Only when you know your supporters can there be true accountability. One of the biggest problems our field personnel have is the feeling of entitlement. This attitude of “I get what’s coming to me” and “It’s MY money” is everywhere. Regional policies only serve to reinforce the selfishness. “The Policy Manual says that we are entitled to 30 days vacation.” “Regional guidelines clearly state that we get an apartment of 1400m2. Ours is only 900.” It goes on an on. Because our money comes in the form of a paycheck every month from a well-oiled machine that raises support for us. We don’t see the little old ladies who give as much as half of their social security check every month, or the families who give inheritance money or vacation savings. We don’t know the people who give so that we can live and work overseas, so their money means much less to us. There is great financial accountability to the Board, but little accountability to the churches that give to support us.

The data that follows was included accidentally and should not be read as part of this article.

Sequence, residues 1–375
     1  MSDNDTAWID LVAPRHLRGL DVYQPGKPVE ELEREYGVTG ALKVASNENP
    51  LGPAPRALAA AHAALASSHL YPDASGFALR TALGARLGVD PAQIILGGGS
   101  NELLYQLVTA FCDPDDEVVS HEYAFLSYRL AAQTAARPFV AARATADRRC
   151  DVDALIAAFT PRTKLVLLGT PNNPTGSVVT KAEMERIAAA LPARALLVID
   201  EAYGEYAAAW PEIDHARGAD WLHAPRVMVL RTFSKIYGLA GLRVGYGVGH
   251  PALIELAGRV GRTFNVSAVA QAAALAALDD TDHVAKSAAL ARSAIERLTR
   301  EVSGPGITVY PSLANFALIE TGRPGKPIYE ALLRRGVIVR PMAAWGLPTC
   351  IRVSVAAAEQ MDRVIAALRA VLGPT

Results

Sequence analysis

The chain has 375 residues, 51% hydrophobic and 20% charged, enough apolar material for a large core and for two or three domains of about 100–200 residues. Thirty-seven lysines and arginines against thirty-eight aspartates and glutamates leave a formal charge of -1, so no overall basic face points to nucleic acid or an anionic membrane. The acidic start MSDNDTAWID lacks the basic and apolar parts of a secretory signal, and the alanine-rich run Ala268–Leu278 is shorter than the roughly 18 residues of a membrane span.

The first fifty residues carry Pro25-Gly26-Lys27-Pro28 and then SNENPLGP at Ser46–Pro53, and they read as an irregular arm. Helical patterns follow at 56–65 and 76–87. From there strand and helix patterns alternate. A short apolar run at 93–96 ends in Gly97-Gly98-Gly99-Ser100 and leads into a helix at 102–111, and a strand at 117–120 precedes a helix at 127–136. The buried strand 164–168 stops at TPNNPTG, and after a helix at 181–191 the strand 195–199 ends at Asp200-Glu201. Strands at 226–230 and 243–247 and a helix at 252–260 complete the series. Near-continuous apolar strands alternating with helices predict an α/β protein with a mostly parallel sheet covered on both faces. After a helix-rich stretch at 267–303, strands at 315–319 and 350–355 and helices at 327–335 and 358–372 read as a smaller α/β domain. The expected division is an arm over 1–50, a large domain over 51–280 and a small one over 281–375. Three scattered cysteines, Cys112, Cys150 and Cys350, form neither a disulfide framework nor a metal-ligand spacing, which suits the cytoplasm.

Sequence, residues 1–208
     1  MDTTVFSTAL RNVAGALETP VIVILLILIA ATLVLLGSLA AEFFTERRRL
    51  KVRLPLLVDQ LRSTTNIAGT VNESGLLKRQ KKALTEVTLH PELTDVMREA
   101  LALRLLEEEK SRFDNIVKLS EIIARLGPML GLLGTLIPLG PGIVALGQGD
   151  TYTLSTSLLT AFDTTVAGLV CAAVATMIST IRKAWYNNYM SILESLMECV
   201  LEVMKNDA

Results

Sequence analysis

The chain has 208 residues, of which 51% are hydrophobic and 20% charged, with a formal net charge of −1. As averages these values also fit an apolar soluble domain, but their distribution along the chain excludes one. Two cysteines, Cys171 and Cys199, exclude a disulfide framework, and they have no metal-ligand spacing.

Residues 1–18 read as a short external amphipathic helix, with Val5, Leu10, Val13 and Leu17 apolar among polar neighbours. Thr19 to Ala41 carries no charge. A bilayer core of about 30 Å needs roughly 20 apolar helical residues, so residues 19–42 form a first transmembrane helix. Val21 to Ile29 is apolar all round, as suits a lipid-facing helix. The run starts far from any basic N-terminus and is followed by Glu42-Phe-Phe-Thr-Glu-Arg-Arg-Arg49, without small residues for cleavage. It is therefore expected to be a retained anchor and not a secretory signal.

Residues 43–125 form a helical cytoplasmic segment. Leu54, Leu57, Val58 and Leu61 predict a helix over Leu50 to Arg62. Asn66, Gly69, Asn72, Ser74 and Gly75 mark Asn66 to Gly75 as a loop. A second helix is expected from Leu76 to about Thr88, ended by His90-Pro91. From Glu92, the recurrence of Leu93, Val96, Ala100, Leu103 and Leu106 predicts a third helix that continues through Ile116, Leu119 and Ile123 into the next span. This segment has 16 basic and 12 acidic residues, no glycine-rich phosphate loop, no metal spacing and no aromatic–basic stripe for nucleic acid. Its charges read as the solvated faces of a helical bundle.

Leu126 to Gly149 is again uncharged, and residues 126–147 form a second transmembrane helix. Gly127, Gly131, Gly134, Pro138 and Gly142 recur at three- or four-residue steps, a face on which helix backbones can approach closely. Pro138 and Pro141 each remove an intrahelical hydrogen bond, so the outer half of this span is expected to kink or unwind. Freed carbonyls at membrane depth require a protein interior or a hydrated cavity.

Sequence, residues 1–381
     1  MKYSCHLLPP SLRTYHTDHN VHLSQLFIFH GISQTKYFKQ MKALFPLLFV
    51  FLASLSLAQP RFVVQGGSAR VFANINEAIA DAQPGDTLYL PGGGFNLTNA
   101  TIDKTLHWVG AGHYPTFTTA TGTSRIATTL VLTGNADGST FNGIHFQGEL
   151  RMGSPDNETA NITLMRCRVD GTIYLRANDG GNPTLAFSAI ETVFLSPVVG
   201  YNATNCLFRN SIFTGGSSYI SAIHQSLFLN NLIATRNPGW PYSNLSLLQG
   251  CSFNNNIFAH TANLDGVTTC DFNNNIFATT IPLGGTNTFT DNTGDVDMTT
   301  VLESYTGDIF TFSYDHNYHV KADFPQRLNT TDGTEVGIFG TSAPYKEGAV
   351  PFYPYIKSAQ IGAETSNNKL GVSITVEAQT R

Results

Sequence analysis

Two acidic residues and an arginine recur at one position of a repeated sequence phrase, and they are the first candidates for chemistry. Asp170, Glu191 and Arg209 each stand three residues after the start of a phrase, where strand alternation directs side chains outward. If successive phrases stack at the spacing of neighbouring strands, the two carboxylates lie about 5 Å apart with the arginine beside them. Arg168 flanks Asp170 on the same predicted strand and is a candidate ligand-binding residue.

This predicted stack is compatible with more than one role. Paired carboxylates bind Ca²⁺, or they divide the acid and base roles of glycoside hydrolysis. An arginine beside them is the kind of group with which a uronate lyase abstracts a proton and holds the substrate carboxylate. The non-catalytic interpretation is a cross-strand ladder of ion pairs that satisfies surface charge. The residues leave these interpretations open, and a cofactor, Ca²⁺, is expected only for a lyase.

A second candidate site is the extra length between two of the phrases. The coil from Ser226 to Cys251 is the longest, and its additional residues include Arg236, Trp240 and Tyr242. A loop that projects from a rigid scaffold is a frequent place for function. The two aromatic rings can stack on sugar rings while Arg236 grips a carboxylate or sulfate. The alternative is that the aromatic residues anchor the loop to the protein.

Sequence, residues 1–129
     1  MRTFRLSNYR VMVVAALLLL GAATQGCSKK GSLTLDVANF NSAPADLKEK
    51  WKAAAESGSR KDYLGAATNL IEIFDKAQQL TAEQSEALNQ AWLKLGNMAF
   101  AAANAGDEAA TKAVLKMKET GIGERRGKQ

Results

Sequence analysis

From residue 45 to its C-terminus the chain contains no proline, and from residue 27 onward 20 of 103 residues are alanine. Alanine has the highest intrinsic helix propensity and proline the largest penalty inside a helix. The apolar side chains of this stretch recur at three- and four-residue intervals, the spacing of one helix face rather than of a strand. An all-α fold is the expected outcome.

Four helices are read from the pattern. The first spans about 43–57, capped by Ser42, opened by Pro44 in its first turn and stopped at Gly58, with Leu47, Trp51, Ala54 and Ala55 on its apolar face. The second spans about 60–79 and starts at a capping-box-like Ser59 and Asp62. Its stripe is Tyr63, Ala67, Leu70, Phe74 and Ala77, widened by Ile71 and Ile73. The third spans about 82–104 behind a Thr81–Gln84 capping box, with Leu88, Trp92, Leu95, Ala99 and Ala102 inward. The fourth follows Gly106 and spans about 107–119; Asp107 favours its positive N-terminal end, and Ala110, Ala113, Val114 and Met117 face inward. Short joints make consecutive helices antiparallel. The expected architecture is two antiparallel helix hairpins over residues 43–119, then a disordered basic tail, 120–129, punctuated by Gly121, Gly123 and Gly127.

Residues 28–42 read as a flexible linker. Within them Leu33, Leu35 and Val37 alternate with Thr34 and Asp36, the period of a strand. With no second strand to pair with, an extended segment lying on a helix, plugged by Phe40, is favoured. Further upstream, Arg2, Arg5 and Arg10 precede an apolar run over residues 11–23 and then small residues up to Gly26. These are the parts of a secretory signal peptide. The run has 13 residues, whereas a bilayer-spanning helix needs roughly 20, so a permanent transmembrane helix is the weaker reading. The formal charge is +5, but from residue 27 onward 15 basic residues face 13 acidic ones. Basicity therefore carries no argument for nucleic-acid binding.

So what’s the solution? Well, the megachurches are sending their own missionaries. Denominational splinter groups are too. The Board is trying to put on a more personal face by encouraging partnerships between missionaries and stateside churches. They push missionaries to speak in churches and conferences whenever possible. I say, stop it. I say, dismantle the machine and let local churches send their own people through the Board. When they don’t have anyone, or can afford to fully support them, let them cooperate through existing associations. But make sure every church that gives, no matter how little it might be, knows personally the missionary they are sending. If thirty churches in rural Arkansas want to give, make sure they have the opportunity to know the people who receive their offerings, and insure that they have some relationship with that overseas ministry. Instead of selling people groups, the Board needs to be representing us, the field personnel to the churches back home.